Aston Martin has completed the assembly of the first DB5 Goldfinger Continuation, as car #1 rolled off the assembly line last week.
Dubbed the ‘Job 1’, it’s part of a limited-production run that includes only 25 units, each one priced at a steep £2.75 million ($3.43 million) in the United Kingdom. Staying true to the original DB5 seen on screen in the hands of James Bond in the 1964 movie ‘Goldfinger’, the model is only available in a Silver Birch paint finish over the aluminum exterior body panels.
Built on a mild-steel chassis, the continuation car is powered by a 4.0-liter naturally aspirated inline-six, with three carburetors, that pumps out 290 brake horsepower.
The mill is mated to a ZF-supplied five-speed manual transmission with a mechanical limited-slip differential. All cars feature steel disc brakes, rack and pinion steering, coil-over springs, and dampers with anti-roll bar at the front and live axle rear suspension with radius arms and Watt’s linkage.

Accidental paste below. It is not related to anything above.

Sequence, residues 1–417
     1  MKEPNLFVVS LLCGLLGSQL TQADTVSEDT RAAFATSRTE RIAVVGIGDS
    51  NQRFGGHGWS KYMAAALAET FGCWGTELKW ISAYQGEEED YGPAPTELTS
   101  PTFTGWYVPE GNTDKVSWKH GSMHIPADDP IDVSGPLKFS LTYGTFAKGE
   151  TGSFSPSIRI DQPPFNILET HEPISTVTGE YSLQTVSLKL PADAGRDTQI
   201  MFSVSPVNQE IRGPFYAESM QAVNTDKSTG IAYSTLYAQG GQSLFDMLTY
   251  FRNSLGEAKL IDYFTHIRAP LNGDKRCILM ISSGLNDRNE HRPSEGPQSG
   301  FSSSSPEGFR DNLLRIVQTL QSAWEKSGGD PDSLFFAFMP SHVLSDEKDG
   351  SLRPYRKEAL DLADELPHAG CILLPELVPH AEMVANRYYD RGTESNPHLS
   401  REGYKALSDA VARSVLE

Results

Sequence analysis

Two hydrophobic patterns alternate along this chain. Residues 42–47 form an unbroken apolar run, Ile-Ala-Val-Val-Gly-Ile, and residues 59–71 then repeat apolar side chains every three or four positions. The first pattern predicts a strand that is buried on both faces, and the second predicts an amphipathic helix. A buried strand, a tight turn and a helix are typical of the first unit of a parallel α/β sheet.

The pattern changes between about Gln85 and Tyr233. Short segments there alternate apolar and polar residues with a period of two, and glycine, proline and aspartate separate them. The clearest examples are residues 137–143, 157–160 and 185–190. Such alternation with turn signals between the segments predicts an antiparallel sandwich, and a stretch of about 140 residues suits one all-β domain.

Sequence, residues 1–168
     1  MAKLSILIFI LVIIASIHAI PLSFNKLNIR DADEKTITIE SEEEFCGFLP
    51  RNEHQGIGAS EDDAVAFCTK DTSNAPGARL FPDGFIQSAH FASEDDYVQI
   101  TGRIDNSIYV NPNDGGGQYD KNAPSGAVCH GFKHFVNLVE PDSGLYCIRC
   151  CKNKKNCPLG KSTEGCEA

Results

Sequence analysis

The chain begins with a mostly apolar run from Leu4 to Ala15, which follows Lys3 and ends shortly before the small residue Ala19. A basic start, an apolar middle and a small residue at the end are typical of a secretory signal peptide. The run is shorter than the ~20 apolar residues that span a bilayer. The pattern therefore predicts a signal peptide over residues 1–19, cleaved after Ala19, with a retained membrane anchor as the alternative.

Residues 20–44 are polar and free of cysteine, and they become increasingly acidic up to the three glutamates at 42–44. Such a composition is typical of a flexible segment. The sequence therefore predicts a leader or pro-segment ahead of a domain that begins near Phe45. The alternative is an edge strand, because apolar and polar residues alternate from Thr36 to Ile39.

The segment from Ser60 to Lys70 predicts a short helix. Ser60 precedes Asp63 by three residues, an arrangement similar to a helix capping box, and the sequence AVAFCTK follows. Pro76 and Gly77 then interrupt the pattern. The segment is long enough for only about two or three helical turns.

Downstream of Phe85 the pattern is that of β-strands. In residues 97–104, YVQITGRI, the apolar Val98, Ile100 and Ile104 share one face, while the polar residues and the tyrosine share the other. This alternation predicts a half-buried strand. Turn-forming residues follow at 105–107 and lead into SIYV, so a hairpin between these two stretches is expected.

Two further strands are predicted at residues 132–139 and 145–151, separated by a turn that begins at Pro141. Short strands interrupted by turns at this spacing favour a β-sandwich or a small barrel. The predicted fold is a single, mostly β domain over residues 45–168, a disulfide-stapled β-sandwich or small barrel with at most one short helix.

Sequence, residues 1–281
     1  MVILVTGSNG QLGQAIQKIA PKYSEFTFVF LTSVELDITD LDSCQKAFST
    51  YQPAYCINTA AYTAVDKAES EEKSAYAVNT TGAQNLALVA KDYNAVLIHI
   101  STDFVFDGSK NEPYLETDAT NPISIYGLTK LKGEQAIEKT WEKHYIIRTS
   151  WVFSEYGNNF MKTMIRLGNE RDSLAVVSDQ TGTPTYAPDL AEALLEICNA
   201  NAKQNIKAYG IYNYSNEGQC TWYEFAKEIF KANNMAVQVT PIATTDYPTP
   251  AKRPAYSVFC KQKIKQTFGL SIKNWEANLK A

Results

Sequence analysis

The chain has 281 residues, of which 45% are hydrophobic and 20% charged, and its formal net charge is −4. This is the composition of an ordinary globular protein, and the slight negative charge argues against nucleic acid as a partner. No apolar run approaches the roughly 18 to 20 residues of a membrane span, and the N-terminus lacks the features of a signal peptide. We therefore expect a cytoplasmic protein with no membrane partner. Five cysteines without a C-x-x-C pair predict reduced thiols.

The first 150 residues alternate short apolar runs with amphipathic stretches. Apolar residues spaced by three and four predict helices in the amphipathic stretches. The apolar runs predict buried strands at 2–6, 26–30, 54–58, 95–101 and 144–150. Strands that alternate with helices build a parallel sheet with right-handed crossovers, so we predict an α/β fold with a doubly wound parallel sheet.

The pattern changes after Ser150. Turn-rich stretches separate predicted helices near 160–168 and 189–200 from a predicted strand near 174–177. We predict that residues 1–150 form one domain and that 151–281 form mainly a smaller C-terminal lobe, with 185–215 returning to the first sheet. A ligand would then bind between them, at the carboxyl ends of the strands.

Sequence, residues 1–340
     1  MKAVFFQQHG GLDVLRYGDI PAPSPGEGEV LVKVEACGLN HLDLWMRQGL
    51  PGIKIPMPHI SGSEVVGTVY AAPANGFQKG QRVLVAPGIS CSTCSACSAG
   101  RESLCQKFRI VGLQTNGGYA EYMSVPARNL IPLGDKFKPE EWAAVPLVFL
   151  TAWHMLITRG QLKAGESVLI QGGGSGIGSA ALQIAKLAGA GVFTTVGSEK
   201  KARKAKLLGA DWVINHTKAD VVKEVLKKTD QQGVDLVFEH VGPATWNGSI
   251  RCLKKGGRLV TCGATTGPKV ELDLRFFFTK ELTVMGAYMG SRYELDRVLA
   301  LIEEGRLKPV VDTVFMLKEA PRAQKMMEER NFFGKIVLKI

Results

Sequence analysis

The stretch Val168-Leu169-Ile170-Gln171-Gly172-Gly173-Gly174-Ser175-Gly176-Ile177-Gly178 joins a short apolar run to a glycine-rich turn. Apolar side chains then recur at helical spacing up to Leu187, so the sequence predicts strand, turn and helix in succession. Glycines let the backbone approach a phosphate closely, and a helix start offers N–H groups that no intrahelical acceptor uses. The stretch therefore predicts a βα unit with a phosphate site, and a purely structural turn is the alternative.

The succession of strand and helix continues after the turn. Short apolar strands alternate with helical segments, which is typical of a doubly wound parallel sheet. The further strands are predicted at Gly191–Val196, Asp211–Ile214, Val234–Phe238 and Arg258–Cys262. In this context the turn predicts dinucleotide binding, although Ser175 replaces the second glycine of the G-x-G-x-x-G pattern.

“The DB5 is, without question, the most famous car in the world by virtue of its 50-plus year association with James Bond”, said Aston Martin Lagonda CCO, Marek Reichman. “To see the first customer car finished, and realize that this is the first new DB5 we have built in more than half a century, really is quite a moment.”
Besides the timeless looks, the DB5 Goldfinger Continuation boasts several Bond-inspired gadgets, including the front and rear battering rams, rear smoke screen delivery system, simulated oil slick delivery system, triple license plates, front machine gun replicas, simulated tire slasher and bullet-resistant rear shield.
Inside, owners will enjoy the gear knob actuator buttons, remote control for gadget activation, under-seat hidden weapon/storage tray, simulated radar screen and telephone installed in the driver’s door, as well as a removable passenger seat roof panel, which is optional.
Production of the rest of the batch will continue throughout the second half of the year, and deliveries have already commenced. We will remind you that each of the 25 examples takes 4,500 hours to come to life, or 187.5 continuous days.